Limbs may be thin, compared with the rest of the body, and the face becomes puffy, rounded, and red.

The skin is affected in the following ways:

  • It becomes very thin.
  • It bruises easily.
  • Reddish-purplish stretch marks appear on the stomach, buttocks, limbs, and breasts.
  • Spots develop on the shoulders, chest, and face.
  • Darkened skin appears around the neck.
  • Edema, or water retention, occurs under the skin.
  • Skin lesions take a long time to heal, such as grazes, cuts, scratches, and insect bites.

Women may have excessive facial and body hair, known as hirsutism. A woman’s voice may deepen, and she may lose the hair on her head. Menstruation can be disrupted, with periods becoming irregular and less frequent. They may stop completely.

The muscles in the shoulders, limbs, and hips may weaken, and the high levels of cortisol can lead to osteoporosis, or brittle bones. This can make patients more vulnerable to fractures, even during normal daily tasks, such as lifting.

Psychological and mood changes can occur, possibly leading to:

  • Anxiety
  • Depression
  • Irritability
  • Loss of emotional control
  • Extreme mood swings
  • Panic attacks.

Sexual problems include a lower libido, or sex drive, in males. A man may have erectile dysfunction, which is the inability to achieve or sustain an erection, and infertility. However, if the adrenal glands overproduce testosterone and other hormones, this can increase libido.

Other problems include visual disturbances, headaches, hypertension, or high blood pressure, excessively high glucose levels, increased thirst, more frequent urination and profuse sweating.

Anyone who is taking corticosteroid drugs for asthma, arthritis, or inflammatory bowel disease, and who experiences the signs and symptoms of Cushing’s syndrome, should tell their doctor as soon as possible.


Other conditions and diseases have symptoms similar to those of Cushing’s syndrome, so it is important to eliminate these first.

If a hormonal problem is suspected, the physician will probably refer the patient to an endocrinologist, who may request a urine test, a blood test, or a saliva test, in order to establish the levels of cortisol.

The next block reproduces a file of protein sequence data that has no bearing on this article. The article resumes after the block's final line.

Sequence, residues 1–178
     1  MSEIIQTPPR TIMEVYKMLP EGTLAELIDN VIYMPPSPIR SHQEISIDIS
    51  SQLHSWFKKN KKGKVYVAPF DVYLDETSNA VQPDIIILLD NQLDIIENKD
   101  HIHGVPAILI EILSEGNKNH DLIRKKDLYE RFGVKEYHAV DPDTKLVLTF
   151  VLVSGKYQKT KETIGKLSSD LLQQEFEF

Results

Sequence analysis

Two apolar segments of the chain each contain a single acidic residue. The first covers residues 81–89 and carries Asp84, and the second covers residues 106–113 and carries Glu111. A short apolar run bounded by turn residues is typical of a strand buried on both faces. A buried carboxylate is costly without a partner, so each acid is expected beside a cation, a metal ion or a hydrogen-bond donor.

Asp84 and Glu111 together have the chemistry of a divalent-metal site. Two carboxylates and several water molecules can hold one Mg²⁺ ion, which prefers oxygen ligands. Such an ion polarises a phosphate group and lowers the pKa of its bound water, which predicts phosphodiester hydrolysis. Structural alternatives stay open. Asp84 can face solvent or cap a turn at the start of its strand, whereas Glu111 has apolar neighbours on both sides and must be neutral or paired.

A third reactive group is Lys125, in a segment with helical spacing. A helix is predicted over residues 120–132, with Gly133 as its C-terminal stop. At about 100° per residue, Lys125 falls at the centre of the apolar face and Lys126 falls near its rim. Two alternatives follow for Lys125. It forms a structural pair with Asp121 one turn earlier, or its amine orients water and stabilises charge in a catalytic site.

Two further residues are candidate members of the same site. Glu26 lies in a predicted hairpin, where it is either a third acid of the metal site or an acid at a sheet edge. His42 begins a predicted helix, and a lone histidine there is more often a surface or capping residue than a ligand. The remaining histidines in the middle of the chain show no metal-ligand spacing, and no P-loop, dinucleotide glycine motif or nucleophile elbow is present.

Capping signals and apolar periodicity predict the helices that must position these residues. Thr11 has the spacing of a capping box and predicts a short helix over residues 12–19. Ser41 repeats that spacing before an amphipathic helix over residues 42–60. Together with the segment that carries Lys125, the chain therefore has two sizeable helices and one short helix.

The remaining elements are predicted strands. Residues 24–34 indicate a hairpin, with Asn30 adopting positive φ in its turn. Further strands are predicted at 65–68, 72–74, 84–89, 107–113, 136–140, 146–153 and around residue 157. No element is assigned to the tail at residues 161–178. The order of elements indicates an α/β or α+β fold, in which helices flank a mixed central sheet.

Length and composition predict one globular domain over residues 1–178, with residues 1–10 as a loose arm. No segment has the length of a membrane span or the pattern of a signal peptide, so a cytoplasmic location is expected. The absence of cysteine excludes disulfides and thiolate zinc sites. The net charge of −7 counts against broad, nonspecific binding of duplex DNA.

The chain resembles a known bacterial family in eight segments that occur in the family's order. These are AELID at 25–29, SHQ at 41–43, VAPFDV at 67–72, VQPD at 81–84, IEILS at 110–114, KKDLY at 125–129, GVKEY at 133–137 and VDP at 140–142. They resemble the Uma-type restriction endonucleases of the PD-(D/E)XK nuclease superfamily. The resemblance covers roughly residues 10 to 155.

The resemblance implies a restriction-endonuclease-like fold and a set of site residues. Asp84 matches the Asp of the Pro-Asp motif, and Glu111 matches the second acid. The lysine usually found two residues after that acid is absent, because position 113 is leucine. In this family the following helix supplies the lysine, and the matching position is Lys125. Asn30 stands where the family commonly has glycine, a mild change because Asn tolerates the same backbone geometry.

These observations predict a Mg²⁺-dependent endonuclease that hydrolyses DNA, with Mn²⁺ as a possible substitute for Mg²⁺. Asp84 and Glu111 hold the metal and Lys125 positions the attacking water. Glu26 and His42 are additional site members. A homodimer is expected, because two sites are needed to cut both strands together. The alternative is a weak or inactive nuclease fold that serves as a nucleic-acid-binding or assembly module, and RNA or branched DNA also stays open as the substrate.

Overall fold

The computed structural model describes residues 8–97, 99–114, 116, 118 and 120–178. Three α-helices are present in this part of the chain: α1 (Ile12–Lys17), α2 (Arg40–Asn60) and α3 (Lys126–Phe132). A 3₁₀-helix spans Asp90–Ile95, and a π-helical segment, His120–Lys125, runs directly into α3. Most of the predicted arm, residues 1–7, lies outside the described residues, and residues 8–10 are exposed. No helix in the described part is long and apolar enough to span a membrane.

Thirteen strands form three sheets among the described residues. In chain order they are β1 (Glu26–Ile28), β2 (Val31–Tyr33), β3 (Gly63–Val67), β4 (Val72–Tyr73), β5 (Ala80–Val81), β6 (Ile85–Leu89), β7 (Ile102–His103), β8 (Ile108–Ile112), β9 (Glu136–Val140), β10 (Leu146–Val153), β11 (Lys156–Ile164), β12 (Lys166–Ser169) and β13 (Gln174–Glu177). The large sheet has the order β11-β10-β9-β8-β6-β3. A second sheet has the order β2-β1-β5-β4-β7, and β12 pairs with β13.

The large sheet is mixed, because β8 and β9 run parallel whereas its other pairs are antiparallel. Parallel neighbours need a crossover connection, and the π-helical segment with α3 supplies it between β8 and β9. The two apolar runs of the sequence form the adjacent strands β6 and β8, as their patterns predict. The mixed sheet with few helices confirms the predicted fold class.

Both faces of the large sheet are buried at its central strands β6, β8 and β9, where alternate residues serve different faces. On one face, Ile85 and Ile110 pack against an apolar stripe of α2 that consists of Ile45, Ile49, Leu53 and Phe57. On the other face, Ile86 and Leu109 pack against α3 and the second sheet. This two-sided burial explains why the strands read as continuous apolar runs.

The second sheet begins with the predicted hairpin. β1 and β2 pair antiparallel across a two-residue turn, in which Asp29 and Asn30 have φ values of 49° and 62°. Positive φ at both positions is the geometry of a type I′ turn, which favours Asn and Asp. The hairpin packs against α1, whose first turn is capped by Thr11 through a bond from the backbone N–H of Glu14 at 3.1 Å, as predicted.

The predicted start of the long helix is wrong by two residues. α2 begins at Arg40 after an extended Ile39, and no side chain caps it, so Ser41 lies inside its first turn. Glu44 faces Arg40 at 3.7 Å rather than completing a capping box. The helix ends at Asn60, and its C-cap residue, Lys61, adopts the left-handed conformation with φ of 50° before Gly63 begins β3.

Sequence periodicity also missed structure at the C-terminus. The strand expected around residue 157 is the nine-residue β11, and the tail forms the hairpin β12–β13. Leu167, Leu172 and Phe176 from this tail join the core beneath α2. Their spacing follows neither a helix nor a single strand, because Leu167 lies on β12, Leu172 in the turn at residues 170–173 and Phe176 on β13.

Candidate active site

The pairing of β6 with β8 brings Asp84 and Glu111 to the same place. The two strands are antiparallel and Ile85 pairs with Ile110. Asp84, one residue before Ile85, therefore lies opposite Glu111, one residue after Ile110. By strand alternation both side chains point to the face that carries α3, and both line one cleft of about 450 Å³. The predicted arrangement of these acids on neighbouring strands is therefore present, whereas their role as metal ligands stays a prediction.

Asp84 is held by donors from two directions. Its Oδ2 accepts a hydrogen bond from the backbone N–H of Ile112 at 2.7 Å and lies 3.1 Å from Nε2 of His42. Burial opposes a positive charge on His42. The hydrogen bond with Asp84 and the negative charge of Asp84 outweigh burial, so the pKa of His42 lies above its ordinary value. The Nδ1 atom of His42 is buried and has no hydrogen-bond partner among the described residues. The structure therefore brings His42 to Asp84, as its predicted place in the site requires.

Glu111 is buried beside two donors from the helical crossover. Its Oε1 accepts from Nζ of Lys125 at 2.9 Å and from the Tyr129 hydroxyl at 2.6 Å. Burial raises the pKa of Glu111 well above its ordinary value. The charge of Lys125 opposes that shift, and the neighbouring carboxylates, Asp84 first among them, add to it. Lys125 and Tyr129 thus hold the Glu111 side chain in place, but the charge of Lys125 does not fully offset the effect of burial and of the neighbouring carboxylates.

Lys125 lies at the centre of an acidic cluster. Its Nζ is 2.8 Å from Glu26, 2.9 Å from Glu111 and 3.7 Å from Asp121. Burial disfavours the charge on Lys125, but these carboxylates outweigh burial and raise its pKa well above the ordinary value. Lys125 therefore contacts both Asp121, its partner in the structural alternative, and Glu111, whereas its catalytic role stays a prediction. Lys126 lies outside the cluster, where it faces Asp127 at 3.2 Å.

If the patient is diagnosed with Cushing’s syndrome, further tests will be necessary to investigate the cause, which could be a benign or malignant tumor.

While waiting for the results, a patient may be prescribed metyrapone, which blocks the production of cortisol and lowers its concentration in the blood.


Treatment aims to reduce cortisol levels, but the type of treatment will depend on several factors, including the cause of the syndrome.

If the cause is corticosteroid use for treatment of asthma, arthritis, or another condition, the physician may reduce the dose of the drug, or replace it with a non-corticosteroid medication.

Patients must not lower corticosteroid dosages without medical supervision, as this could lead to dangerously low levels of cortisol.

A tumor may need surgery. A pituitary tumor may be removed through the patient’s nose. Tumors in the adrenal glands, pancreas or lungs may require conventional surgery or keyhole surgery.

After surgery, patients will need to take cortisol replacement drugs until normal hormone production returns.

Radiotherapy may be used as part of the treatment to remove a tumor, and chemotherapy may be necessary if the tumor is cancerous, for example in the lung.

Drugs such as ketoconazole (Nizoral), mitotane (Lysodren) and metyrapone (Metopirone) can help to control excessive production of cortisol.

If a tumor causes low hormone production, the doctor may prescribe hormone replacement therapy (HRT).